What is hidden behind the mask of invulnerability of an IDF soldier?

Where does man find the courage to fight for his country, his loved ones, his brothers in arms and his survival? What makes a real soldier? Max Levin’s account, Under the gurney, sheds light on the experiences of IDF soldiers during Operation Protective Edge 2014, exposing humanity behind the distant and stoic mask of a soldier’s strength and invulnerability. Levin gives a face and a name to the heroes who without hesitation carried the weight of war on their shoulders, revealing the multifaceted character of determined, brave and proud men, but also scared, broken and alone.
Levin begins his war story by recalling his amazement as a child when he saw IDF soldiers protecting his country. Born into a Zionist Jewish-American family, Levin vowed to join them one day. Keeping his word, at age 18, Levin moved to Israel, underwent grueling tests, and proudly joined the Parachute Brigade as a lone soldier.

The training Levin endured brought his body and mind to the breaking point, navigating and marching through the rugged terrain of Israel, carrying heavy supplies on his back and a stretcher on his shoulders, climbing mountain after mountain for days at a time without a moment of rest. .

Levin describes the loneliness and defeat he felt during a particular sailing on New Year’s Eve: “I was wondering what my friends and family were doing at the time. They were probably in town or maybe at home lounging, having a barbecue or watching the fireworks. Although not me. I would stumble in the dead of night, climb the slopes of the mountains and try not to get lost in the desert. “

In war, circumstances demanded that a soldier continue despite hunger, thirst, pain, and exhaustion, and Levin’s commanders forced his team to exceed their physical and mental capabilities, teaching them to fight with every ounce of their power. be to survive. Failure, Levin learned, was not an option; Giving up could mean his dismissal from the unit now, but later, it was a matter of life and death.

“The goal was to be metachat ha’alunkah, or under the stretcher, for as long as possible,” Levin recalled. “The only thing that mattered, once under the gurney, was bringing your friend and teammate home alive.”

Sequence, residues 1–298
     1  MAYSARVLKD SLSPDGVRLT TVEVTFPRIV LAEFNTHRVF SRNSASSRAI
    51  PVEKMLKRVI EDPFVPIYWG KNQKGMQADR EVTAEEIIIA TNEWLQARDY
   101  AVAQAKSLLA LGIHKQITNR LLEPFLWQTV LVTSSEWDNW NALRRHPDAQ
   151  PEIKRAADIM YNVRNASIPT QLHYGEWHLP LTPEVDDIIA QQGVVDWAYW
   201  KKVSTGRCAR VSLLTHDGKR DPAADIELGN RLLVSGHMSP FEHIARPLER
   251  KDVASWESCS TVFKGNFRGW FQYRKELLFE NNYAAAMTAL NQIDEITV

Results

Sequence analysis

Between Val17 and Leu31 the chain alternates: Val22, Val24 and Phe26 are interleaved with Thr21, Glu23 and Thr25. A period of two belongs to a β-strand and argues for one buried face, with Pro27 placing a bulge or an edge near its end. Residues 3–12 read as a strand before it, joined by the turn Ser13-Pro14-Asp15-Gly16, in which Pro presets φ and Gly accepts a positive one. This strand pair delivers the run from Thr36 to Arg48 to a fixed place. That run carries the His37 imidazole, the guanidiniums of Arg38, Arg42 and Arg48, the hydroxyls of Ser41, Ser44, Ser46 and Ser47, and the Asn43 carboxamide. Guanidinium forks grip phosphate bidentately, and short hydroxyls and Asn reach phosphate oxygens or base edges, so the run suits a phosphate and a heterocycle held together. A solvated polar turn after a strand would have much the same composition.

Although his training was serious and arduous, Levin admits that he and his team still found ways to lighten the mood and have fun like teenagers always do.

“One of our favorite songs to play was Mulan’s, I’ll Make a Man Out of You,” he shared. “From the balconies, the soldiers jumped up singing: ‘Let’s get down to business …'”. Just 24 hours after Levin and his team completed the training, they were thrown into the jaws of war in a ground operation that sent them into Gaza to destroy a network of Hamas terror tunnels.

Levin summons to the page the doubt and terror that gripped him as the bullets rushed past and the explosions echoed loudly; it conveys the weariness that threatened to overwhelm him as he walked through the unknown, leading dying men across the battlefield and leading us, readers, to savor fear on our lips and tighten our grip on the pages.

“I had carried stretchers through sand dunes and mountains countless times … But this was the first time I had carried a wounded soldier on a stretcher … This man, my brother in arms, could be dying,” he wrote .

Under the Stretcher by Max Levin (credit: Red Penguin Books)

Levin witnessed despair along with bravery as he and his team were caught in a fatal blast that killed those closest to the eruption and struck him on the head. Levin recalls that “one of the officers … had tears in his eyes when he saw me … He went into the other room, closing the door behind him.

I could hear him sobbing in anguish. “

Each soldier had a way of coping with pain and persevering, Levin learned.

In the wake of the war, Levin felt as if a stretcher of pain, honor, and responsibility rested on his shoulders, urging him to carry on under its weight. “Those people with whom I trained and went to war, whom I call my brothers, would pick me up on their stretcher and carry me … Who will lift the stretcher and carry them?” Levin went on to complete his service and handle trials for his unit, closing the loop from the boy who decided to fight for his values ​​to the soldier who will decide who will take his shoes next.

Under the Stretcher is Levin’s fascinating tribute to the true and brave soldiers of the IDF, who were also boys and men who fought, loved, joked, feared and never gave up. In its final pages, he dedicates the book to the fallen soldiers, in a stark reminder that his tale is a true story and his heroic characters were real people.

His story offers a glimpse into the secret lives of IDF soldiers, making them accessible to English readers, advising and inspiring everyone to fight for what they believe most. Under the Stretcher recalls each soldier’s journey through the unknown and fearsome, leaping across lonely fields in the dead of night, carrying what they value most on their shoulders, up the steep and menacing mountain towards the first lights of the night. dawn.


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